In 2012, ASHA started to run regular English classes for asylum seekers, using trainees on the Trinity Cert TESOL teaching course at Keele University. This was set up by Godefroid Seminega and Barbara James.
Asylum seekers started queuing outside as early as 7 am for this ‘first come first served’ class, and it soon became apparent that a system was required. Now, there are two classes a week with a limited number, a waiting list, and a team of volunteer one to one tutors working with the literacy cases and those awaiting classes. At the time that the Keele University/ASHA classes started, the word that ASHA existed spread, and many more service users came through the door, which was what we always wanted. This was particularly important for men, as the women’s group was already up, running and successful at that time.
ASHA and Keele University Language Centre pride themselves on the amazing relationships and community spirit they have built through the English programme regular classes. Students at Keele gain skills and attributes from their contact with asylum seekers, and asylum seekers respond well to students teaching them, as they are aware they are “helping” the students to teach.
On Friday mornings (and at other times too) the centre is busy with one to one tutors trying to find a ‘space’ to teach and help people learn English through conversation. There are so many different needs – holding a conversation in a shop to filling out a form for a schoolchild – that there is endless work required to meet the English asylum seekers need to fit into British society.
Diane Selby’s English Class January – March 2018
In January I started with a small group of 3 students. The numbers have fluctuated from week to week but recently I have been teaching 8-10 students and I have been especially pleased to welcome a number of women and several babies! Of the 10 students who came on the last week (21stMarch) there were 5 men, 5 women and 3 babies.
The students vary in their command of English but the more able ones are able to support the others and it is wonderful to see them all gain in confidence over time. I am sure that some of them will be able to progress to the classes run by the Keele students by next September.
Each week I give the students opportunities to speak and listen (often to an audio tape) as well as engage in reading and writing activities. They especially enjoy role play; for example, practicing buying a rail ticket or asking for fruit and vegetables at a market stall. They are especially happy to ‘buy’ fresh ingredients to take home. As the last week was just before Easter they all had some mini Easter Eggs as a treat! We always try to have a laugh and end with a game – they never seem to tire of playing Bingo!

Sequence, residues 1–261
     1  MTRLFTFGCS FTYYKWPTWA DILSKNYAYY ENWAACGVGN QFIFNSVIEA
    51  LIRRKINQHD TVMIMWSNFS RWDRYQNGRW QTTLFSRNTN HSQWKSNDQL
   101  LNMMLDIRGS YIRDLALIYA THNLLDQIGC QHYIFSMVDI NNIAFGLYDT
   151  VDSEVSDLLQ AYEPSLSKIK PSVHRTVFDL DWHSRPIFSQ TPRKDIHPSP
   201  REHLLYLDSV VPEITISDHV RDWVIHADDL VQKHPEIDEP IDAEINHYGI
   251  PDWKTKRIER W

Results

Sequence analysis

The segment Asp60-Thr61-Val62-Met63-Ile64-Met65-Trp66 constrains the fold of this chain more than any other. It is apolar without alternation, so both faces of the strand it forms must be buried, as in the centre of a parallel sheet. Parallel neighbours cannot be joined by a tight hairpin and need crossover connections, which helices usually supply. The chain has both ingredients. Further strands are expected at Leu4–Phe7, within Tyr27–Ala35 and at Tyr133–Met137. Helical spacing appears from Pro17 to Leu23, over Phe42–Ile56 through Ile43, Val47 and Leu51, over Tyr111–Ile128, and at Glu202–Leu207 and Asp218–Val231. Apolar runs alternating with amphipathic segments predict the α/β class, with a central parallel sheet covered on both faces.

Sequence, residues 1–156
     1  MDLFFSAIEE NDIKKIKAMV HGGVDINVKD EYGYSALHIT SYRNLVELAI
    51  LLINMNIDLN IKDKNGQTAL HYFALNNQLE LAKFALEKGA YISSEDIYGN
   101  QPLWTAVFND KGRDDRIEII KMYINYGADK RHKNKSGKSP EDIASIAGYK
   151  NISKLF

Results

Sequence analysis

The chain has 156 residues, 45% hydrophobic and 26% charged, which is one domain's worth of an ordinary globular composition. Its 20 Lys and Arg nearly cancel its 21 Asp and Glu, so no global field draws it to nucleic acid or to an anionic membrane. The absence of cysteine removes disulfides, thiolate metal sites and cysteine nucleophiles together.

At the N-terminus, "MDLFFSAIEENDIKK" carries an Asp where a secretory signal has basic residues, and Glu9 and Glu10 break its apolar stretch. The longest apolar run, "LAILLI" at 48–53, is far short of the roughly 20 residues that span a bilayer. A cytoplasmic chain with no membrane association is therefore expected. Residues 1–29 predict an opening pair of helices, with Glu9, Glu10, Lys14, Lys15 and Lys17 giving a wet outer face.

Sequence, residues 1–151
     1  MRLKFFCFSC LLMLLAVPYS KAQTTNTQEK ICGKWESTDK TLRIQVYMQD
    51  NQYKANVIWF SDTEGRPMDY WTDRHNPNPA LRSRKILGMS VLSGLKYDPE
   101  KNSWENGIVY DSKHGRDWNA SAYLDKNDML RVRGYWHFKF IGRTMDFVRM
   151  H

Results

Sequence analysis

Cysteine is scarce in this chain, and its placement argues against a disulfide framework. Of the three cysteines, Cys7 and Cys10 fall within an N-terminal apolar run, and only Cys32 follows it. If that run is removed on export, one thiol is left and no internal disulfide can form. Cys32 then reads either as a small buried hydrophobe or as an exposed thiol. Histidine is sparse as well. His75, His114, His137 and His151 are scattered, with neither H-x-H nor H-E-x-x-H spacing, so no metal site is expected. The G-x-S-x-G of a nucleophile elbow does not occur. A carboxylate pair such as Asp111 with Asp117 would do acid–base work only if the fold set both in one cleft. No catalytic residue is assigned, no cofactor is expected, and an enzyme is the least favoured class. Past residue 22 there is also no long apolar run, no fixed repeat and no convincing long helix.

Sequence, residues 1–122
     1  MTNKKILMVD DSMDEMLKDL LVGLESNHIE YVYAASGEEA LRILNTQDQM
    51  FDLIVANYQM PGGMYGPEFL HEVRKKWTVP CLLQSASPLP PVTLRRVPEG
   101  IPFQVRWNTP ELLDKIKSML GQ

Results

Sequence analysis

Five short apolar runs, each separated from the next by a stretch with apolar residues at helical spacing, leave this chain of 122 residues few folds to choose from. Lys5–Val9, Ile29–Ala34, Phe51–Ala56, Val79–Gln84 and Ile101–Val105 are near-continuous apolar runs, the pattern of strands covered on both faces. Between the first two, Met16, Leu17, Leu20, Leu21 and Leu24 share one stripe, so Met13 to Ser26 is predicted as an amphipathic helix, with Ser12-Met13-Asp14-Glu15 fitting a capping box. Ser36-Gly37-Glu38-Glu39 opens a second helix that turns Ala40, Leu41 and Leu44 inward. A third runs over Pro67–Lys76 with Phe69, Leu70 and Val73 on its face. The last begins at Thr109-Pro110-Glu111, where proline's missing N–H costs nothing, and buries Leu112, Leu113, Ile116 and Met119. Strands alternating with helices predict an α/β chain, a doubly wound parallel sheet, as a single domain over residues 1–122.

On one occasion I teamed up with Margaret and we taught our two groups together which was very successful. In recent weeks Sue, another volunteer, has joined me. This has been very beneficial as many of the students need individual support, especially with reading and writing.
It has been a joy and a privilege to work with these enthusiastic, charming and optimistic young people and I look forward to joining them again after the Easter break.
You Learn Festival
BSU’s Youlearn offered ASHA two action-packed learning days. Project workers, Neil Seepujak and Matt Pointon, commented “Following on from our work with the U3A, we wanted to see if we could link up with other hard-to-reach learners. We know how difficult the transition to life in the UK is and how precarious the situations refugees are in, so we wanted to listen and to provide learning that would be of help.”
The day began with ESOL classes on points of grammar, delivered by Project Worker Matt Pointon, who is an experienced ESOL teacher. Neil then delivered sessions on IT including using government websites, rights at work and the reasons to join a trade union.
After a wonderful lunch cooked by service users, encompassing diverse world cuisines, there were lighter sessions on discovering the history of the Potteries, and days out you can enjoy from Stoke-on-Trent.
Commenting Matt said, “It was really uplifting being able to work with the ASHA service users, some of whom I have no doubt will make valuable contributions to the trade union movement in the future.”
ASHA believes that it is important that our volunteers are remunerated for their work. This is why ASHA pays towards the cost of their travelling to the Centre from outlying neighbourhoods as well as a small lunch allowance.
We believe that volunteering for ASHA or attending the Women and Children’s clubs may for many be a crucial first step towards becoming integrated in their local community.